We focused on the idea of “concentration without effort”, beginning on page 8 of MoTT. This is the first thing to learn.
So we learned an effortless concentration exercise that can be done at any time. During the week, we are to try this exercise whenever we pass through a doorway of any type. During those moments, we can observe the automatic movements of thoughts, images, passions, personal desires, and other mental perturbations. The idea is to develop the ability to consciously direct attention, rather than to allow our attention to be randomly attracted.
We can observe, then, what happens to mental perturbations while we are directing attention. Is there Silence where there was previously “noise”? We can learn to maintain this concentration for longer periods, as described on page 11:
To begin with there are moments, subsequently minutes, then “quarters of an hour” for which complete silence or “concentration without effort” lasts. With time, the silence or concentration without effort becomes a fundamental element always present in the life of the soul.
This concentration exercise is always available to us whenever we remember to try it.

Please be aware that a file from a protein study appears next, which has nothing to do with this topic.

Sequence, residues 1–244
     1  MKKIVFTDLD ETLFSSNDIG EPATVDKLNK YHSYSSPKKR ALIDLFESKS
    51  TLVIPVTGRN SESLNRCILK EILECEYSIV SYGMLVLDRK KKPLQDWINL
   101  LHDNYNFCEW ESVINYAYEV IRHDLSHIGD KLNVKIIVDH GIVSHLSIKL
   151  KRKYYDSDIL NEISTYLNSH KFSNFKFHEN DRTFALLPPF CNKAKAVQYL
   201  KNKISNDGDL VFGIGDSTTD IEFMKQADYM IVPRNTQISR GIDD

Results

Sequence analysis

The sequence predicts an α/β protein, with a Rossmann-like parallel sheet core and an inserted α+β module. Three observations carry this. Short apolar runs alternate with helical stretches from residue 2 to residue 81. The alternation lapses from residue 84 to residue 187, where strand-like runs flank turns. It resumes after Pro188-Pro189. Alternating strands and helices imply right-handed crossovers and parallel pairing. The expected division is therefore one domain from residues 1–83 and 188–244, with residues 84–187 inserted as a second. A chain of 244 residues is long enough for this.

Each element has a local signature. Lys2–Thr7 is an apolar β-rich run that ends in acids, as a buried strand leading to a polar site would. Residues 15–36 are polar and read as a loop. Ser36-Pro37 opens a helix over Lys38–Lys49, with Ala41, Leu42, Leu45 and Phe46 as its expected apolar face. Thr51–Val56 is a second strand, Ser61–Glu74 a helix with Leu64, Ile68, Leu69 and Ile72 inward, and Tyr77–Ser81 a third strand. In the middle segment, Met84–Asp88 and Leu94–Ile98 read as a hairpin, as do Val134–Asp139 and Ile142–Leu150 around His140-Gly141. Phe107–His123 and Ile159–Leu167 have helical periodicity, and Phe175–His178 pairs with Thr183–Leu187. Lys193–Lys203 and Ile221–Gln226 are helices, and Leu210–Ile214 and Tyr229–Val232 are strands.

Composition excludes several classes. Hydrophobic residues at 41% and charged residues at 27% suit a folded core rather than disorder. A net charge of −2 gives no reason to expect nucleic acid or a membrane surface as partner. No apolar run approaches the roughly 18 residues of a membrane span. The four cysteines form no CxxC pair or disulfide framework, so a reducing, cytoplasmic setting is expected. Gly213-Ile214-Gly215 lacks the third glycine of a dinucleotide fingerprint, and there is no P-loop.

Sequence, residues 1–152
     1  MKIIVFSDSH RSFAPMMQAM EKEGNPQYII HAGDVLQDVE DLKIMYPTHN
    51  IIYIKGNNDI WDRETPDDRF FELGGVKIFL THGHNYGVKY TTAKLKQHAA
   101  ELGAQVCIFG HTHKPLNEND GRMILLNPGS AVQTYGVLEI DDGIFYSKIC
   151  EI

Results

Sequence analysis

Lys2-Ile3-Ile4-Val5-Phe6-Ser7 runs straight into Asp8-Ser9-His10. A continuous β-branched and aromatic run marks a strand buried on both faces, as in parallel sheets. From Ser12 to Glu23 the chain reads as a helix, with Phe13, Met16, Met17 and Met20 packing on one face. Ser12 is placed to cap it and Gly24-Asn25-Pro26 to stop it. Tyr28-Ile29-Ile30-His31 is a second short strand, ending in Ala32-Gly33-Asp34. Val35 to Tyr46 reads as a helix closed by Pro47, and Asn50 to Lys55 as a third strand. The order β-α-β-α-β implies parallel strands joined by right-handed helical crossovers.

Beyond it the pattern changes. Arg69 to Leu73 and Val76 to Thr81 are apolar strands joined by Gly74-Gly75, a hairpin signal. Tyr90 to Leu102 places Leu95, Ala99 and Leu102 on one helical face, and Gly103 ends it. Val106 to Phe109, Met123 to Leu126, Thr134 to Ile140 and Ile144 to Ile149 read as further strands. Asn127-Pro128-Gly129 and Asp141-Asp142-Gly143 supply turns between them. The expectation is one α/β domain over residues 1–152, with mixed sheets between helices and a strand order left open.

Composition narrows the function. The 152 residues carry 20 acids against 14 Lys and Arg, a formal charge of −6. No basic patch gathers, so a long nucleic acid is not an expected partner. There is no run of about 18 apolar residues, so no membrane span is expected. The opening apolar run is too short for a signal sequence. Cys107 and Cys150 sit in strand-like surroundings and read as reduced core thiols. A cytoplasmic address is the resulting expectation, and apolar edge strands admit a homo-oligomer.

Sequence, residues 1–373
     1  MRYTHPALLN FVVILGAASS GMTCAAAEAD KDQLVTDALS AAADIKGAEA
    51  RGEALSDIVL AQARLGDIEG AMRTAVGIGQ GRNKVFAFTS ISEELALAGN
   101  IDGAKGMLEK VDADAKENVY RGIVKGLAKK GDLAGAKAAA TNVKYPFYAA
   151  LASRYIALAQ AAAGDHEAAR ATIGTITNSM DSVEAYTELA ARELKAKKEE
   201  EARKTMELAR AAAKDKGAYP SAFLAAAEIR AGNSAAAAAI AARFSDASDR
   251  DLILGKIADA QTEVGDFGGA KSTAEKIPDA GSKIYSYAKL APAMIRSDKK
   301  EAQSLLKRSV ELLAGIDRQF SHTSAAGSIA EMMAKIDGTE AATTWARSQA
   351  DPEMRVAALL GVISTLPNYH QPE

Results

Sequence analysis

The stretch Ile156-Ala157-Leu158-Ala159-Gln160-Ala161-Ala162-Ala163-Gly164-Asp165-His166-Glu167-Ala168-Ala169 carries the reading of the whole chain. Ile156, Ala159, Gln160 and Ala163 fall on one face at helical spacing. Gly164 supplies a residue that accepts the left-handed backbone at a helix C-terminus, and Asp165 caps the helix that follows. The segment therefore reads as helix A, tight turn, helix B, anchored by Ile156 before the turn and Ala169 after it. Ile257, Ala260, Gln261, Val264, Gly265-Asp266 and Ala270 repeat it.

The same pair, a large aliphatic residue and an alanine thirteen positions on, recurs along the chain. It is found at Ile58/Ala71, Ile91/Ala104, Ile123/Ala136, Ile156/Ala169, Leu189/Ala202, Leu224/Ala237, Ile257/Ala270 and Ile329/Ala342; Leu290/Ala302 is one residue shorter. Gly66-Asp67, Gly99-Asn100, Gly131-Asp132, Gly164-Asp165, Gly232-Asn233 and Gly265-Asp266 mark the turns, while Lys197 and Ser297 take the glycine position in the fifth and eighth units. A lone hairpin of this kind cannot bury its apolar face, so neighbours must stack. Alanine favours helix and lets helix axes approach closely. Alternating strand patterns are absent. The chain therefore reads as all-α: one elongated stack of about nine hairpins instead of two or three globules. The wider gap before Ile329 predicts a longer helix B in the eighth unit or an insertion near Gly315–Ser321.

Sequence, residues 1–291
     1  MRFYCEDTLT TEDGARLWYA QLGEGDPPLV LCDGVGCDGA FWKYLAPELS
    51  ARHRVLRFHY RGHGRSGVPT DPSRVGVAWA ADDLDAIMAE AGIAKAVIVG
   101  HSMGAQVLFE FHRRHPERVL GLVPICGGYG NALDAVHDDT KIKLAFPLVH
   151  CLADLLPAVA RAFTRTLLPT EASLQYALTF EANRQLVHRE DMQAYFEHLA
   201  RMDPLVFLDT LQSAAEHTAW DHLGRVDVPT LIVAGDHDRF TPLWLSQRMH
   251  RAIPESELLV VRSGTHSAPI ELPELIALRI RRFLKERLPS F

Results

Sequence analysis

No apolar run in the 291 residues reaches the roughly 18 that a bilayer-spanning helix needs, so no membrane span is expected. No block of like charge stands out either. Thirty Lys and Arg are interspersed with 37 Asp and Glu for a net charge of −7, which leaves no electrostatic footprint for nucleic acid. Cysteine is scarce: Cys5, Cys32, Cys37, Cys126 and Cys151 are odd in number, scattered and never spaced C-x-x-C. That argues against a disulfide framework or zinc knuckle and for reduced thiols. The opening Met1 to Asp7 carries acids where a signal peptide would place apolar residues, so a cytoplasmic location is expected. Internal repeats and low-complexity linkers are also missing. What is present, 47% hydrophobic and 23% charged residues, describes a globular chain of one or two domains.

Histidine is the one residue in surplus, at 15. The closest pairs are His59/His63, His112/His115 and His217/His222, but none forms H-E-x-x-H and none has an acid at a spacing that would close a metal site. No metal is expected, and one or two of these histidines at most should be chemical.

We touched on higher forms of concentration, as outlined by Mary of Agreda in The Mystical City of God
Man’s mind is rapt by God to the contemplation of the divine truth in three ways:
- He contemplates it through certain imaginary pictures.
- He contemplates the divine truth through its intelligible effects.
- He contemplates it in its essence.
Now when man’s intellect is uplifted to the sublime vision of God’s essence, it is necessary that his mind’s whole attention should be summoned to that purpose in such a way that he understands nothing else by phantasms, and is absorbed entirely in God.
These are related to the stages of prayer: vocal prayer, mental prayer, and unceasing prayer.
Concentration on mental images or thoughts are forms of meditation.
Concentration that is beyond images and thoughts is contemplation.